Featured Research

from universities, journals, and other organizations

Body clocks may hold key for treatment of bipolar disorder

Date:
March 13, 2012
Source:
Manchester University
Summary:
Scientists have gained insight into why lithium salts are effective at treating bipolar disorder in what could lead to more targeted therapies with fewer side-effects.

Scientists have gained insight into why lithium salts are effective at treating bipolar disorder in what could lead to more targeted therapies with fewer side-effects.

Bipolar disorder is characterised by alternating states of elevated mood, or mania, and depression. It affects between 1% and 3% of the general population.

The extreme 'mood swings' in bipolar disorder have been strongly associated with disruptions in circadian rhythms -- the 24-hourly rhythms controlled by our body clocks that govern our day and night activity.

For the last 60 years, lithium salt (lithium chloride) has been the mainstay treatment for bipolar disorder but little research has been carried out to find out whether and how lithium impacts on the brain and peripheral body clockwork.

"Our study has shown a new and potent effect of lithium in increasing the amplitude, or strength, of the clock rhythms, revealing a novel link between the classic mood-stabiliser, bipolar disorder and body clocks," said lead researcher Dr Qing-Jun Meng, in the University's Faculty of Life Sciences.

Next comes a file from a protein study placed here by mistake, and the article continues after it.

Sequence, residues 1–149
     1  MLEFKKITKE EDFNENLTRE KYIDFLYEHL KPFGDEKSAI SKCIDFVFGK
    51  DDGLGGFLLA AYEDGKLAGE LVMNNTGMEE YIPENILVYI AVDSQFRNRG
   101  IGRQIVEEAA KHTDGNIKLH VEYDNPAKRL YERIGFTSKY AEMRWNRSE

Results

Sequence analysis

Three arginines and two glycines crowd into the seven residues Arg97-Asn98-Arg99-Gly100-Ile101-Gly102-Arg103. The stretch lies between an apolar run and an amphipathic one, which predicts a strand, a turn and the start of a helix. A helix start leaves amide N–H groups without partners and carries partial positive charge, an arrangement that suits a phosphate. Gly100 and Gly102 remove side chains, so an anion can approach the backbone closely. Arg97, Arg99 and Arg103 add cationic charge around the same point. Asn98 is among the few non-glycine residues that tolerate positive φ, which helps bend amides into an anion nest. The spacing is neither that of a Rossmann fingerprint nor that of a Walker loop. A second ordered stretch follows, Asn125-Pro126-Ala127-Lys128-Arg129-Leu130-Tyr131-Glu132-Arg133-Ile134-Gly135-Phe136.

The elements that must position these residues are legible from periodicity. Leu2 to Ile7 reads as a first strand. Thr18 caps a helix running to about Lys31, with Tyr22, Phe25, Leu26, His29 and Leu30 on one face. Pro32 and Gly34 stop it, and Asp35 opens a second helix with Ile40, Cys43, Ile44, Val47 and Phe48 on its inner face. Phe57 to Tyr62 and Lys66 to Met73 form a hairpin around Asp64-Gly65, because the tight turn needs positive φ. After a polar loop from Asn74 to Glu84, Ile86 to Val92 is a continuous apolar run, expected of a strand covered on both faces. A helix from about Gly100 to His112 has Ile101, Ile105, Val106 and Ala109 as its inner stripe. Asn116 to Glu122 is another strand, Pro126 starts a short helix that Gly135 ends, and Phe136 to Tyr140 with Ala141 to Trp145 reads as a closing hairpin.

"By tracking the dynamics of a key clock protein, we discovered that lithium increased the strength of the clockwork in cells up to three-fold by blocking the actions of an enzyme called glycogen synthase kinase or GSK3.

"Our findings are important for two reasons: firstly, they offer a novel explanation as to how lithium may be able to stabilise mood swings in bipolar patients; secondly, they open up opportunities to develop new drugs for bipolar disorder that mimic and even enhance the effect lithium has on GSK3 without the side-effects lithium salts can cause."

These side-effects include nausea, acne, thirstiness, muscle weakness, tremor, sedation and/or confusion. Promisingly, GSK3 inhibiting drugs are already in development, as they have been shown to be important in other diseases, including diabetes and Alzheimer's disease.